• Reduce needle sharing and the contraction of HIV and other diseases. A systematic review conducted on 28 studies involving 7,900 patients demonstrated significant reduction in HIV risk behaviors in patients receiving methadone maintenance.6
  • Be cost effective. When considering the many costs to society associated with heroin use, including medical costs, law enforcement costs, and drug-related deaths, methadone maintenance treatment is extremely cost-effective.6 After examining the average cost of a methadone maintenance treatment day, measurements of criminal activities rates, and the societal costs of crimes, one study yielded a benefit-to-cost ratio of 4 to 1 for methadone maintenance.6
  • Reduced drug use. In a long-term follow-up study of patients on buprenorphine-naloxone (Suboxone), half of the patients said they had remained clean 18 months after the start of treatment. After three and a half years, the percentage of those who said they were abstinent increased to 61%.7
  • Increase employability. In an early study of 100 chronic heroin users who participated in methadone maintenance treatment, their employment rate increased from 21% at admission to 65% a year later.6

Is MAT Right for Me?

If you are struggling with addiction, MAT may be an effective addition to your recovery program and should be considered when choosing a treatment program.

However, these medications are not suitable for everyone. It’s best to speak with your doctor or treatment provider to determine if MAT is best for you. Some MAT medications may be unsafe for people with certain health conditions because of undesirable side effects.2

The Substance Abuse and Mental Health Services Administration (SAMHSA) has provided the following recommendations about which patients may benefit from certain MAT medications:2

  • Methadone: can be accepted into an approved program; enjoys structured programs; has severe or chronic pain; is being treated for HIV/AIDS; is pregnant or post-partum
  • Buprenorphine: is best suited for treatment in a doctor’s office; is motivated to try the medication; can stick to a treatment plan; is being treated for HIV/AIDS; is pregnant or post-partum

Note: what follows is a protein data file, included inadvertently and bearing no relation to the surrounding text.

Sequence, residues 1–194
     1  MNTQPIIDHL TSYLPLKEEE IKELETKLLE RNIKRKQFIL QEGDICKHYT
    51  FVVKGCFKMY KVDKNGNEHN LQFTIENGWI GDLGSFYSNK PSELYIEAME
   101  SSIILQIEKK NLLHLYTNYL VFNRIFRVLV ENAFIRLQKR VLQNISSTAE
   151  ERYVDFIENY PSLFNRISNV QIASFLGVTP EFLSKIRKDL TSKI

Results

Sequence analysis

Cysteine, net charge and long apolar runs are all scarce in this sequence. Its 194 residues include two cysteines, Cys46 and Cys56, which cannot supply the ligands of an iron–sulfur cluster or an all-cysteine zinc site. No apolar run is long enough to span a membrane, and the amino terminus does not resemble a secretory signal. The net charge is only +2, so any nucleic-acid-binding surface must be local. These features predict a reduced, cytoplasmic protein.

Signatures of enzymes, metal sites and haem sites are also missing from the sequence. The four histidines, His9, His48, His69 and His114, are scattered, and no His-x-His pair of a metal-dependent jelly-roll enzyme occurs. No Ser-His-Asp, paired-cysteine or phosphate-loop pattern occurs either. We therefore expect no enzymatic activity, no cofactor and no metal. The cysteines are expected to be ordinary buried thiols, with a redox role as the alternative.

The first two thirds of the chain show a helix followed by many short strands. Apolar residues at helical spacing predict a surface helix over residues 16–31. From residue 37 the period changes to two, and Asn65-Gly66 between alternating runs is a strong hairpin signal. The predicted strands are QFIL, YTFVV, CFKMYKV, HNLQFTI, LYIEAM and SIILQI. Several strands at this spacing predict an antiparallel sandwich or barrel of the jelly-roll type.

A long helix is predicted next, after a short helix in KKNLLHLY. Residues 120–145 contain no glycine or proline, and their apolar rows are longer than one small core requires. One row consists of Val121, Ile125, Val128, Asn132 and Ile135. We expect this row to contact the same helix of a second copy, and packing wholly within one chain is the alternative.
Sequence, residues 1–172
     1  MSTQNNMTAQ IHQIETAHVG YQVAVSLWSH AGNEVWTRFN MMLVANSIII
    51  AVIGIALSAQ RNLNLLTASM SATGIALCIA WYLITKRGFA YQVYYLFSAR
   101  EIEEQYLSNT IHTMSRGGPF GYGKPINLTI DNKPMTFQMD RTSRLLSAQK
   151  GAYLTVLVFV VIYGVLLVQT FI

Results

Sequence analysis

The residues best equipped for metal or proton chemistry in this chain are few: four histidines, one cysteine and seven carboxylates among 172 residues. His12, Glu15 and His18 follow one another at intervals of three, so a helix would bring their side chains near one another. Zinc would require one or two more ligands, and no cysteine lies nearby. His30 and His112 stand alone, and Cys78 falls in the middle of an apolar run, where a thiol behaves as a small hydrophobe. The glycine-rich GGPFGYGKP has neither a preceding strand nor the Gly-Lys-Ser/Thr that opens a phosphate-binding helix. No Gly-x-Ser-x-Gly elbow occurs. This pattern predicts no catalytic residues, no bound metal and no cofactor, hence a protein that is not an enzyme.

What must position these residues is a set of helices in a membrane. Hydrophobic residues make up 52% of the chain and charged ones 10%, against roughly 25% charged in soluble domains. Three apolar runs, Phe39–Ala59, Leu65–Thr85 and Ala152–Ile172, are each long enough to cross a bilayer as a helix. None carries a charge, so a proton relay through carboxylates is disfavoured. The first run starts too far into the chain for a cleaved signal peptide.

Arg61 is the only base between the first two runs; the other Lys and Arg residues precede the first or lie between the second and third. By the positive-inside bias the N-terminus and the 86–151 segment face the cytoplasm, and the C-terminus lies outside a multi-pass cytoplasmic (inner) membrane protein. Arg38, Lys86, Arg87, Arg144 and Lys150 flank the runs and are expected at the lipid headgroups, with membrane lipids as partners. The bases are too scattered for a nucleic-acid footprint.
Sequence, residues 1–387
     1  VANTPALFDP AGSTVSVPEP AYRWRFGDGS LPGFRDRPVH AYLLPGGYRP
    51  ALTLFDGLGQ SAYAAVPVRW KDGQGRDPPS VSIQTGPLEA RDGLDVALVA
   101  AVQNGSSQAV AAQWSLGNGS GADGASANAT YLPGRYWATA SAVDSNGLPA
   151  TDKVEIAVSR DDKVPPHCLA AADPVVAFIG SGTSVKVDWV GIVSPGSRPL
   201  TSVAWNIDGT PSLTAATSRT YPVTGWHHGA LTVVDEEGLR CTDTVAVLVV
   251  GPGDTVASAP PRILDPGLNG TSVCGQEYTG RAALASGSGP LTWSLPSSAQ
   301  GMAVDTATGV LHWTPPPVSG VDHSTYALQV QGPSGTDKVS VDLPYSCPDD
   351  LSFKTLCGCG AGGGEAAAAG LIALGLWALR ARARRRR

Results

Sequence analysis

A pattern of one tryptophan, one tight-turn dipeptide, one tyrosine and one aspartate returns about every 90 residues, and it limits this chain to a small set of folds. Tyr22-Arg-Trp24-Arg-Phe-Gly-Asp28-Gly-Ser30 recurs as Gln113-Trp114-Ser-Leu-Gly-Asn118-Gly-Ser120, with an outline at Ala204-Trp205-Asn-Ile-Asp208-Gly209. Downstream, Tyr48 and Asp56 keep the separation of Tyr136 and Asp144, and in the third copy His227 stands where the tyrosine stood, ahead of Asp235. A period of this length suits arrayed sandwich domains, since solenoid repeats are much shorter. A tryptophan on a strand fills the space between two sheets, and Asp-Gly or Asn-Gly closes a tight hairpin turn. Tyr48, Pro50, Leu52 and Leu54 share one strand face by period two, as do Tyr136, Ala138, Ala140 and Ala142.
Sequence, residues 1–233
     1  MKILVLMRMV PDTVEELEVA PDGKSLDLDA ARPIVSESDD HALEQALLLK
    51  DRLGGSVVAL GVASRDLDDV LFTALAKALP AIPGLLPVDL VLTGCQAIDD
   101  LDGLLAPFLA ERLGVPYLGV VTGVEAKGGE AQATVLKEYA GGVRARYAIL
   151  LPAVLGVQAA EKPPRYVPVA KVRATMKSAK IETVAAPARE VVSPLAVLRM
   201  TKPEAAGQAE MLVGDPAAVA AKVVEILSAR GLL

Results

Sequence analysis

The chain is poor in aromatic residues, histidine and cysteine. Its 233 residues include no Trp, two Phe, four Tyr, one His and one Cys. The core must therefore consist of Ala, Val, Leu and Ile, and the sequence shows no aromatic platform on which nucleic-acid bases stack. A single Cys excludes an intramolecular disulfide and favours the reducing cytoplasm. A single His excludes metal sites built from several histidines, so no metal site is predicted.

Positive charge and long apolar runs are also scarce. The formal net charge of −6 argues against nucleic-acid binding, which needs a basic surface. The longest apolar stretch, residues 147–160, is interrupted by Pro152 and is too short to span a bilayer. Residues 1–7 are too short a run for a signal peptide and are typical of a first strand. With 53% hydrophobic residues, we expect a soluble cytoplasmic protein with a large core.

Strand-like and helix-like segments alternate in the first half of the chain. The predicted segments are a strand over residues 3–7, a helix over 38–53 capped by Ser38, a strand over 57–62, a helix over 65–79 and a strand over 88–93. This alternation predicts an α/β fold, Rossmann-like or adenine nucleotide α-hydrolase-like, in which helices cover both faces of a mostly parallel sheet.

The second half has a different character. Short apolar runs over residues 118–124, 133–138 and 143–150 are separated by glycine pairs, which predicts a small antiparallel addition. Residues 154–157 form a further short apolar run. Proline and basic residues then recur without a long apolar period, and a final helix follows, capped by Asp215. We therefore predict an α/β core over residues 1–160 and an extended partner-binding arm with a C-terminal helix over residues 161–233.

• Naltrexone: can stop using heroin for 7 to 10 days; is mandated by the courts or an employer; has alcohol issues; wants to stop heroin use now; is entering treatment from prison or jail

Currently, no MAT medications are FDA-approved for pregnant women—though they have been used under close medical supervision. Methadone can help control withdrawal symptoms and help stabilize heart rate, blood pressure, and other maternal and fetal functions.2

Remember that the medications in MAT are part of a larger, comprehensive treatment approach that addresses many facets of life. Federal law requires patients who receive MAT as part of treatment to also receive medical, vocational, educational, and other treatment services.1

Find a Program

If you are looking to enter treatment, it may be beneficial to speak to an addiction treatment professional about the addition of MAT in your recovery plan. You can also search our treatment directory for MAT programs that may be suitable to your needs.

Let’s verify your coverage for Heroin treatment at an American Addiction Centers location. Your information is always confidential.


  1. Substance Abuse and Mental Health Services Administration. (2015). Medication Assisted Treatment.
  2. Substance Abuse and Mental Health Services Administration. (2016). Decisions in Recovery: Treatment for Opioid Use Disorder.
  3. Substance Abuse and Mental Health Services Administration. (2015). Methadone.
  4. Substance Abuse and Mental Health Services Administration. (2016). Buprenorphine.
  5. Substance Abuse and Mental Health Services Administration. (2016). Naltrexone.
  6. National Institute on Drug Abuse International Program. (2018). Methadone Research Web Guide.
  7. National Institute on Drug Abuse. (2015). Long-Term Follow-Up of Medication-Assisted Treatment for Addiction to Pain Relievers Yields Cause for Optimism.